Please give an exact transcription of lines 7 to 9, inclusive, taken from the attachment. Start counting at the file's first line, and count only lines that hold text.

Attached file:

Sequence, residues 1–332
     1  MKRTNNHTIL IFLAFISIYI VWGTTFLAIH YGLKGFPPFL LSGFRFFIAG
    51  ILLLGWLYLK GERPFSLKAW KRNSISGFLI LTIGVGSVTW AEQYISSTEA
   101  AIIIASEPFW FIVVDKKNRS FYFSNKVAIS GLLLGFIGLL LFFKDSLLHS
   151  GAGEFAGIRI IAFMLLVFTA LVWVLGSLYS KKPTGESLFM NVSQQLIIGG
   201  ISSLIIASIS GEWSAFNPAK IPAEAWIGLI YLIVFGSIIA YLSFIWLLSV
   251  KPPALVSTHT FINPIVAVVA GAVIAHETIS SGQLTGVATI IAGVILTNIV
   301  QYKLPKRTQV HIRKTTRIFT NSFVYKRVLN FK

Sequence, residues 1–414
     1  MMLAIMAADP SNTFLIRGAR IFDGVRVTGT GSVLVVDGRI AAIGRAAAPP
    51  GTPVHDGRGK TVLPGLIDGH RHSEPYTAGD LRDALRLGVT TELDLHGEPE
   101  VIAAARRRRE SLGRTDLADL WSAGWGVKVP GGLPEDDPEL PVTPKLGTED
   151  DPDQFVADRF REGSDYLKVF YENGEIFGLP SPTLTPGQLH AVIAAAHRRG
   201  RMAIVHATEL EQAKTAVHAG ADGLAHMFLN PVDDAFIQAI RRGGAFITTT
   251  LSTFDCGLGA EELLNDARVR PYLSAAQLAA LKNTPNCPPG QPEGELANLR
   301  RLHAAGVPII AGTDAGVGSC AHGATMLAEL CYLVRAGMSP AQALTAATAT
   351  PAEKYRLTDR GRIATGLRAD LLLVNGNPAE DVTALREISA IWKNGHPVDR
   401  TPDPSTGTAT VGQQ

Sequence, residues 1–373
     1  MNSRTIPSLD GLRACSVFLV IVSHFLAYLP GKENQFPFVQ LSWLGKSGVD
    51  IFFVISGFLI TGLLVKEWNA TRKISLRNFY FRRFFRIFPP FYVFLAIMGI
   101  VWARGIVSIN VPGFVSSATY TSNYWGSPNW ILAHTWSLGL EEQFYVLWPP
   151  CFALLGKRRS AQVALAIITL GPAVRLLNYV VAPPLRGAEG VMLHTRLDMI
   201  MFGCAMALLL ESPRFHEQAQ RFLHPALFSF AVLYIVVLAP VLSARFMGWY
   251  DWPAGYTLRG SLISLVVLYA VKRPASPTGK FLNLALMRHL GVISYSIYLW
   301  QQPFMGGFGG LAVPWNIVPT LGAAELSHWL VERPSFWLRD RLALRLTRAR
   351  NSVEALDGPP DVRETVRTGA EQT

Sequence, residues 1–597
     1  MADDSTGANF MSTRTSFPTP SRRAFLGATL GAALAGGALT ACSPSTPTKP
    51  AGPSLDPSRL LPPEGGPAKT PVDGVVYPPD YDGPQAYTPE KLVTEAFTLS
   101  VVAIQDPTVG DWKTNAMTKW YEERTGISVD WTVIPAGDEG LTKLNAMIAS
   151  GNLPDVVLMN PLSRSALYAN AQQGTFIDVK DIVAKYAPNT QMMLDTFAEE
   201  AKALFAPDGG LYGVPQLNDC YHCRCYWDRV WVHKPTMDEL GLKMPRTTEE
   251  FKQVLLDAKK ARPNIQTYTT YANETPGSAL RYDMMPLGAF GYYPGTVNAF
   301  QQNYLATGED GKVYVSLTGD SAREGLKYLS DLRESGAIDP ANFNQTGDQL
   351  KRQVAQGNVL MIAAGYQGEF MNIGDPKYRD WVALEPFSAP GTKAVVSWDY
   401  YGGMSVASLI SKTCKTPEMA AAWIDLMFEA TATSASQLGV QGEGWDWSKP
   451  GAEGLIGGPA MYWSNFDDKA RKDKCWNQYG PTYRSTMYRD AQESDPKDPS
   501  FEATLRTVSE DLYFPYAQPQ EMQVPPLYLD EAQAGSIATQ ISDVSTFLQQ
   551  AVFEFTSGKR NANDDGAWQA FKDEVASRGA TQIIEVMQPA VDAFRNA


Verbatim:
   251  KPPALVSTHT FINPIVAVVA GAVIAHETIS SGQLTGVATI IAGVILTNIV
   301  QYKLPKRTQV HIRKTTRIFT NSFVYKRVLN FK

Sequence, residues 1–414